Lack of interest from third generation of the family running the business prompts move to sell

Surrey housebuilder Croudace Homes may sell itself to a rival because the third generation of the family that runs the firm does not want to take it on.

Shareholders in the company, which has been controlled by the Brotherton-Ratcliffe family since it was founded in 1946, ordered a wholesale review last summer and a decision is expected next month.

Chief executive Andy Yallop said: “The interests of the third generation lie in completely different areas, like art and sport, and they are not interested in becoming involved in the running of the company.”

PricewaterhouseCoopers is advising the firm on its options and the group has opened talks with all the major housebuilders about a sale. Yallop said: “We talked to the majors because I want to maximise value for shareholders.”

The three shareholders, AB Ratcliffe, DCB Ratcliffe and JM Brotherton, have been repaid for the £15.1m of loans they made to the company and it has been forced to seek a bank loan of £8.5m for the first time.

We talked to the majors because I want to maximise value for shareholders

Andy Yallop, Croudace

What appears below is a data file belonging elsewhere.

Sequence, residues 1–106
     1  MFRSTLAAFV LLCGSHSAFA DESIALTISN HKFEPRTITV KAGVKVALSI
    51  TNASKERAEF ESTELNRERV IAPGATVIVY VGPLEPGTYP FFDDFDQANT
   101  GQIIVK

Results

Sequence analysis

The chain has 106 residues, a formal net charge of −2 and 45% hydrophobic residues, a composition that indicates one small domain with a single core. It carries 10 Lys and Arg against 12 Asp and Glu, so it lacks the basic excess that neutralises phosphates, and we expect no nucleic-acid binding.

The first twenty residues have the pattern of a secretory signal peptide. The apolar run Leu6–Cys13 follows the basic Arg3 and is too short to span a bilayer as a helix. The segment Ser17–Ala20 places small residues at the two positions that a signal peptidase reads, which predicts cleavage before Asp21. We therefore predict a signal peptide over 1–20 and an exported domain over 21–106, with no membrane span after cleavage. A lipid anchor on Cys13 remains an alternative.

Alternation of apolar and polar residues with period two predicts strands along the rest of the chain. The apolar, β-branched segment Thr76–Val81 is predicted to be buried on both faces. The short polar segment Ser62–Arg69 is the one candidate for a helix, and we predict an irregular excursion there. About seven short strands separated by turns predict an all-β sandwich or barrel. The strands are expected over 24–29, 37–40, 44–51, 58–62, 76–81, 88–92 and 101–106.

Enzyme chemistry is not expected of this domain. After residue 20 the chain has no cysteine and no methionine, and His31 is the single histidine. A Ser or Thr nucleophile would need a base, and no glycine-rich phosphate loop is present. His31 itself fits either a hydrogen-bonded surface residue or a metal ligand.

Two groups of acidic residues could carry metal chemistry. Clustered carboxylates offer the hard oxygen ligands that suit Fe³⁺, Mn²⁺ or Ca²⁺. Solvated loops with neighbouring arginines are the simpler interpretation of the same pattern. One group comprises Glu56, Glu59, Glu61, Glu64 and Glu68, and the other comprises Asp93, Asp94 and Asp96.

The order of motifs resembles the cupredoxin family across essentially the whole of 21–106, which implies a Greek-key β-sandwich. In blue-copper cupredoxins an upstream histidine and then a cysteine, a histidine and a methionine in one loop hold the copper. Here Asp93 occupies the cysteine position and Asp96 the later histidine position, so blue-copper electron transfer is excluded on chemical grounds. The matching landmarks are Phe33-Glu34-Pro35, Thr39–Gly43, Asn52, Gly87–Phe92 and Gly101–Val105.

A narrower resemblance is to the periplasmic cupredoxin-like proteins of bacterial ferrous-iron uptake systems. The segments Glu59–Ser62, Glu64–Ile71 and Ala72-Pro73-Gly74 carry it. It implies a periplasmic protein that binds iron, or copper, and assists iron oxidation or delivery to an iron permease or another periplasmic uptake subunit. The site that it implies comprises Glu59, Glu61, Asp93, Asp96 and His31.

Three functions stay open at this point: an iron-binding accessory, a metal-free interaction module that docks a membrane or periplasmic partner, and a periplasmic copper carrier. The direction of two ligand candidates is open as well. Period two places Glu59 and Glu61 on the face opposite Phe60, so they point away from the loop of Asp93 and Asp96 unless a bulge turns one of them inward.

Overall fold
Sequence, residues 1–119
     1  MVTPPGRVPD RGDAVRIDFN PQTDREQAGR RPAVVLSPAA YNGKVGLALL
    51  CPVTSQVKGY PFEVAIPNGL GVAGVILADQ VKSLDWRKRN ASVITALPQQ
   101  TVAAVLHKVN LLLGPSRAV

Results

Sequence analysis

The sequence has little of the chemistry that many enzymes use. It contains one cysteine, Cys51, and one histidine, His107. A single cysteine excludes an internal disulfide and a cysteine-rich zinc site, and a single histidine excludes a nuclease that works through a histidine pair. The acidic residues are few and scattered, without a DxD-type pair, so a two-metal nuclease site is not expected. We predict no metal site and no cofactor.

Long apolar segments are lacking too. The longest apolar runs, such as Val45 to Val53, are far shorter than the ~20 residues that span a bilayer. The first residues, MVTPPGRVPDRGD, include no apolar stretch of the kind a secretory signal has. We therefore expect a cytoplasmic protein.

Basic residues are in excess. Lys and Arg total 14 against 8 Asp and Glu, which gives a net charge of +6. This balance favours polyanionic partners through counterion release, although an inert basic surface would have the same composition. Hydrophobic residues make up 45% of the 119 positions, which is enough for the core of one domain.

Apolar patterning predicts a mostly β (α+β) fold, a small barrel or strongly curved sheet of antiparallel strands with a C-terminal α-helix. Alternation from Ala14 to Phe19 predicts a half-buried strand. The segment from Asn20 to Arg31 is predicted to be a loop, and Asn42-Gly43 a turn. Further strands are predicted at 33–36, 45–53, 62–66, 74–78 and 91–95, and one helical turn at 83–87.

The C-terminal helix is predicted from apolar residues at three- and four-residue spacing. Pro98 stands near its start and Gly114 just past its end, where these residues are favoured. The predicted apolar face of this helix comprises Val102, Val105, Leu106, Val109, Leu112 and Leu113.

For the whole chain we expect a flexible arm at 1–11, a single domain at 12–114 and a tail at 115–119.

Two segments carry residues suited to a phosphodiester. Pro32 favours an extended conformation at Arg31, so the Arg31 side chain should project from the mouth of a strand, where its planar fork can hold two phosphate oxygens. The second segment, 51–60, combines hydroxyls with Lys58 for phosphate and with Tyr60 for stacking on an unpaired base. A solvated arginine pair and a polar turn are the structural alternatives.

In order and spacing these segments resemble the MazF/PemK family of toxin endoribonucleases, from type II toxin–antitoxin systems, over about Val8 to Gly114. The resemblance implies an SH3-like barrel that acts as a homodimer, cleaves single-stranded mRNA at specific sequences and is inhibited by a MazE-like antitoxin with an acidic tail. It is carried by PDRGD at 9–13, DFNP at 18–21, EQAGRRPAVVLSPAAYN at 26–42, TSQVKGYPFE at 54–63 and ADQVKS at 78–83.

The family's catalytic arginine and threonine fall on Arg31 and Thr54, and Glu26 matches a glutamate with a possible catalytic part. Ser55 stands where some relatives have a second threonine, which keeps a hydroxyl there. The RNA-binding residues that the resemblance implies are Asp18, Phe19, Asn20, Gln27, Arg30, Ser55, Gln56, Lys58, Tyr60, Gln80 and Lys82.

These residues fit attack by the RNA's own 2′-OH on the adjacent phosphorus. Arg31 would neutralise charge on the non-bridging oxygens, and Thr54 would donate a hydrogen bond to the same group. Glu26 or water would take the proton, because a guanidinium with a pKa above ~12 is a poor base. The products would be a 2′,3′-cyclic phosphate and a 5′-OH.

Although Croudace said the outlook for the housing market was not good, it denied the move has been prompted by the credit squeeze. “That’s as far from the truth as you can get,” said Yallop.

He conceded that it was not a good time to go to the market. “It’s a difficult time to be doing this but we are a quality business and people will always look to quality in difficult times. But it may be that the shareholders decide not to sell.”

One analyst said the downturn meant times were tough for smaller outfits but agreed Croudace was not in financial difficulties. “The balance sheet is healthy and the fact it is building houses in the South-east counts in its favour.”

What’s up for grabs

Year to 31 December 2007

Pre-tax profit £32.6m (2006: £9m)

Turnover £98m (£94m)

Completions 318 (328) private sales at an average price of £280,000 (£270,000) and 76 (57) dwellings for housing associations at an average price of £115,000 (£97,120).